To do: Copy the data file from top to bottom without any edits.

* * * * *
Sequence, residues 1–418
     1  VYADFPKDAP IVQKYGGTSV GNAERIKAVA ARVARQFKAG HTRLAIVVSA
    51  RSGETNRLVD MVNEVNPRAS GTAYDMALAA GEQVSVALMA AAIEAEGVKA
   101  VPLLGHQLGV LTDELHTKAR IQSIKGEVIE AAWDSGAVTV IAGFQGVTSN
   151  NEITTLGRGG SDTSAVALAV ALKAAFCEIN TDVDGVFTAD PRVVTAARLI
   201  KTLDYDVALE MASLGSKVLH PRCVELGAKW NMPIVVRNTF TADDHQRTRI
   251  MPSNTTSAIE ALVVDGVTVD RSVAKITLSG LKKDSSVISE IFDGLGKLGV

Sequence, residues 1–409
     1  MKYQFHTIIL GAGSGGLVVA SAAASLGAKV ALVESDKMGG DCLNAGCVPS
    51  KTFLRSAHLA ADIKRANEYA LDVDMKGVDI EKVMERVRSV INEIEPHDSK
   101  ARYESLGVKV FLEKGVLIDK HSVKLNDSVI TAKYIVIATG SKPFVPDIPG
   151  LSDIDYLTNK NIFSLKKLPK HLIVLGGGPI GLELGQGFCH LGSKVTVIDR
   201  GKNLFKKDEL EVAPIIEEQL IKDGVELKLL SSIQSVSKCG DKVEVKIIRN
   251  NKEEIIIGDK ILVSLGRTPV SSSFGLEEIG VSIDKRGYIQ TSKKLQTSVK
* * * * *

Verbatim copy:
Sequence, residues 1–418
     1  VYADFPKDAP IVQKYGGTSV GNAERIKAVA ARVARQFKAG HTRLAIVVSA
    51  RSGETNRLVD MVNEVNPRAS GTAYDMALAA GEQVSVALMA AAIEAEGVKA
   101  VPLLGHQLGV LTDELHTKAR IQSIKGEVIE AAWDSGAVTV IAGFQGVTSN
   151  NEITTLGRGG SDTSAVALAV ALKAAFCEIN TDVDGVFTAD PRVVTAARLI
   201  KTLDYDVALE MASLGSKVLH PRCVELGAKW NMPIVVRNTF TADDHQRTRI
   251  MPSNTTSAIE ALVVDGVTVD RSVAKITLSG LKKDSSVISE IFDGLGKLGV

Sequence, residues 1–409
     1  MKYQFHTIIL GAGSGGLVVA SAAASLGAKV ALVESDKMGG DCLNAGCVPS
    51  KTFLRSAHLA ADIKRANEYA LDVDMKGVDI EKVMERVRSV INEIEPHDSK
   101  ARYESLGVKV FLEKGVLIDK HSVKLNDSVI TAKYIVIATG SKPFVPDIPG
   151  LSDIDYLTNK NIFSLKKLPK HLIVLGGGPI GLELGQGFCH LGSKVTVIDR
   201  GKNLFKKDEL EVAPIIEEQL IKDGVELKLL SSIQSVSKCG DKVEVKIIRN
   251  NKEEIIIGDK ILVSLGRTPV SSSFGLEEIG VSIDKRGYIQ TSKKLQTSVK